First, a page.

Time to try some bottom-up gun laws Reply


By Tom Quiner

Democrats are the party of Government. The bigger the better.

Following each successive mass shooting, and they just don’t stop coming at us, Democrats cry out in unison for more top down gun laws.

There is seldom any discussion as to the why so many people want to kill as many people as they can. Nor is there any discussion as to the why the laws already on the books continue to fail.

The tragic shootings in Florida last week are a case in point. This was the 4th time the Feds had info about potential mass shooters, but didn’t stop them:

√ Parkland School shooter –> 17 dead

√ Charleston church shooter –> 9 dead

√ Orlando nightclub shooter –> 49 dead

√ Sutherland Springs church shooter –> 26 dead

101 dead, and far more wounded. Do we need more top-down laws when the ones on the books aren’t working? Or do we need more bottom-up laws which empower the folks in local communities to take effective action when they identify someone with the potential to become a mass shooter?

Writing in the National Review, David French makes a good case for shifting our interventions to the local level through a legal device called a gun-violence restraining order (GVRO). Says French:

“While there are various versions of these laws working their way through the states (California passed a GVRO statute in 2014, and it went into effect in 2016), broadly speaking they permit a spouse, parent, sibling, or person living with a troubled individual to petition a court for an order enabling law enforcement to temporarilytake that individual’s guns right away. A well-crafted GVRO should contain the following elements (“petitioners” are those who seek the order, “the respondent” is its subject):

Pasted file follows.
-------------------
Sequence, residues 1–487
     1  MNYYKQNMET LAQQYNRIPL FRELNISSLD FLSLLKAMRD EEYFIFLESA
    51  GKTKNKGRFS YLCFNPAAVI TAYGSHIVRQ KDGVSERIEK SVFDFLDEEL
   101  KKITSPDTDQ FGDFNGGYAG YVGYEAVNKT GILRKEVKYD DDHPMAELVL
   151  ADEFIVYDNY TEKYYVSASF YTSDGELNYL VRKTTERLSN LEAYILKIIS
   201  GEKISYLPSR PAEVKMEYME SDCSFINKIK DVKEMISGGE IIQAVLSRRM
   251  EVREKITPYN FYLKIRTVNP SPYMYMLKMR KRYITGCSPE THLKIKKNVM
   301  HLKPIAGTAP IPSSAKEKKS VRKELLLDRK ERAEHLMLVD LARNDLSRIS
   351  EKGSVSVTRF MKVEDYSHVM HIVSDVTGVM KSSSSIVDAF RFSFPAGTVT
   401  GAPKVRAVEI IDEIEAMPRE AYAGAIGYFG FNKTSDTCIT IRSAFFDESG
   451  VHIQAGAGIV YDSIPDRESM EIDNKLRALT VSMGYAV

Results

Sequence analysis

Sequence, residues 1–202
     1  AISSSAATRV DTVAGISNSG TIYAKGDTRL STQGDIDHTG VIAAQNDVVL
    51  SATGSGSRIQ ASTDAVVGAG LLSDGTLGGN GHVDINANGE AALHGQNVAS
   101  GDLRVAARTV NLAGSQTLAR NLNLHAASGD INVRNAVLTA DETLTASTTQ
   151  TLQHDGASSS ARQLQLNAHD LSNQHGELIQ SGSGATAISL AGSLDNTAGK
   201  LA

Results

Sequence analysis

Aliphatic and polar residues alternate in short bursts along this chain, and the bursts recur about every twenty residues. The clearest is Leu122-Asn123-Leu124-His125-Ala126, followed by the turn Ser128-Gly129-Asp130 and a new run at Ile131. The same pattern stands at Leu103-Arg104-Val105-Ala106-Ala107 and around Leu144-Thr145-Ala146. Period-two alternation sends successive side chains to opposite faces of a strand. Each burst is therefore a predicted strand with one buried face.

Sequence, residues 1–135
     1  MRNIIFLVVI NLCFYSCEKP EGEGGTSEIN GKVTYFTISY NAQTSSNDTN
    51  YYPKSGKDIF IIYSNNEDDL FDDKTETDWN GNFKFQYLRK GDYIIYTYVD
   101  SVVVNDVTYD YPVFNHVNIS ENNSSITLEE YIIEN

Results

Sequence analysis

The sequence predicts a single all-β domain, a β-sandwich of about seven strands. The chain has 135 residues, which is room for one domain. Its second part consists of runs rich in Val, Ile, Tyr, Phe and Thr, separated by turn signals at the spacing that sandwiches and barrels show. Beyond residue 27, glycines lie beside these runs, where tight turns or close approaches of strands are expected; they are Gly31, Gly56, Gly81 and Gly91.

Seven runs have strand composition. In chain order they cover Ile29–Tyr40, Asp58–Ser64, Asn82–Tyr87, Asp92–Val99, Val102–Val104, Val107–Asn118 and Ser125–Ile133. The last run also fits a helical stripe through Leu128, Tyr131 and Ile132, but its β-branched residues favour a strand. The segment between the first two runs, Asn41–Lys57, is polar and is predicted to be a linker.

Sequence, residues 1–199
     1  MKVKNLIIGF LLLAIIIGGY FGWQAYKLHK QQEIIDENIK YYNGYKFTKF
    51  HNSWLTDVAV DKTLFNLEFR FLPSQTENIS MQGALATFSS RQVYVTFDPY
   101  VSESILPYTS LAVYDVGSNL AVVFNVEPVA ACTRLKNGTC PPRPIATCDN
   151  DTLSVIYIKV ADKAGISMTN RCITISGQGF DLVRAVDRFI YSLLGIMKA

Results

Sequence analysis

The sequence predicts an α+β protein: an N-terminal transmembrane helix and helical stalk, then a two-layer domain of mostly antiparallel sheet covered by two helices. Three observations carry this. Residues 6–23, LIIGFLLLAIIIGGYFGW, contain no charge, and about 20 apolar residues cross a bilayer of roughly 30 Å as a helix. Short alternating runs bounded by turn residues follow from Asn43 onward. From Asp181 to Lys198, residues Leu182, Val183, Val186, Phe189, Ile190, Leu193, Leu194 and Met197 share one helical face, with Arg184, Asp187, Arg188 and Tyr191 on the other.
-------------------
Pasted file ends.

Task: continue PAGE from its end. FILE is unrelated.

1. It should limit those who have standing to seek the order to a narrowly defined class of people (close relatives, those living with the respondent);

  2. It should require petitioners to come forward with clear, convincing, admissible evidence that the respondent is a significant danger to himself or others;

  3. It should grant the respondent an opportunity to contest the claims against him;

  4. In the event of an emergency, ex parte order (an order granted before the respondent can contest the claims), a full hearing should be scheduled quickly — preferably within 72 hours; and

  5. The order should lapse after a defined period of time unless petitioners can come forward with clear and convincing evidence that it should remain in place.

In other words, French says that if an individual is making threats, posting violent images, and seems infatuated with mass murder, immediate family members would have a legal course of action to prevent him from purchasing guns.

The FBI received information about the Parkland shooter that would have justified a court issuing a GVRO. Would the GVRO have kept a gun out of the shooter’s hands? Don’t know, but we know the outcome couldn’t have been any worse, and in fact, how could it have not have helped to some degree?

It seems that an approach like this would enjoy bi-partisan support. It won’t end all shootings, but it just might help reduce the carnage.

 

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